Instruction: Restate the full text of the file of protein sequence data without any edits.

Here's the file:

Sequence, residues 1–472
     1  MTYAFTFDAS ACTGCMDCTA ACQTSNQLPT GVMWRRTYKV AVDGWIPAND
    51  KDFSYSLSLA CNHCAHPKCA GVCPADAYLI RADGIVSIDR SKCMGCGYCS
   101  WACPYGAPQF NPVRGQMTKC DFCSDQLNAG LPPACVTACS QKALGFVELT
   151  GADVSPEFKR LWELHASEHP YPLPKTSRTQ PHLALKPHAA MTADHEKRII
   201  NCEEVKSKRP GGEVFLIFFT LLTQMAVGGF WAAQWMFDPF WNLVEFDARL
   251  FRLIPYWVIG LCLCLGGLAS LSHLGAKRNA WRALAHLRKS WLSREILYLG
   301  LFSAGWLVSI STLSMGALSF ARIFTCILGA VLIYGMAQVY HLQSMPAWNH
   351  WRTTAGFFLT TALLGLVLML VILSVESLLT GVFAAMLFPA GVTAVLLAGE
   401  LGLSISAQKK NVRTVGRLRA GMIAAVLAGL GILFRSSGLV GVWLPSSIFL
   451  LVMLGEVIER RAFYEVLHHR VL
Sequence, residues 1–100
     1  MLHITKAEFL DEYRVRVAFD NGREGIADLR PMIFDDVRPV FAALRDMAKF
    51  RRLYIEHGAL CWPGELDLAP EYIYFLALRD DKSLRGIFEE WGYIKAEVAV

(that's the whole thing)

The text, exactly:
Sequence, residues 1–472
     1  MTYAFTFDAS ACTGCMDCTA ACQTSNQLPT GVMWRRTYKV AVDGWIPAND
    51  KDFSYSLSLA CNHCAHPKCA GVCPADAYLI RADGIVSIDR SKCMGCGYCS
   101  WACPYGAPQF NPVRGQMTKC DFCSDQLNAG LPPACVTACS QKALGFVELT
   151  GADVSPEFKR LWELHASEHP YPLPKTSRTQ PHLALKPHAA MTADHEKRII
   201  NCEEVKSKRP GGEVFLIFFT LLTQMAVGGF WAAQWMFDPF WNLVEFDARL
   251  FRLIPYWVIG LCLCLGGLAS LSHLGAKRNA WRALAHLRKS WLSREILYLG
   301  LFSAGWLVSI STLSMGALSF ARIFTCILGA VLIYGMAQVY HLQSMPAWNH
   351  WRTTAGFFLT TALLGLVLML VILSVESLLT GVFAAMLFPA GVTAVLLAGE
   401  LGLSISAQKK NVRTVGRLRA GMIAAVLAGL GILFRSSGLV GVWLPSSIFL
   451  LVMLGEVIER RAFYEVLHHR VL
Sequence, residues 1–100
     1  MLHITKAEFL DEYRVRVAFD NGREGIADLR PMIFDDVRPV FAALRDMAKF
    51  RRLYIEHGAL CWPGELDLAP EYIYFLALRD DKSLRGIFEE WGYIKAEVAV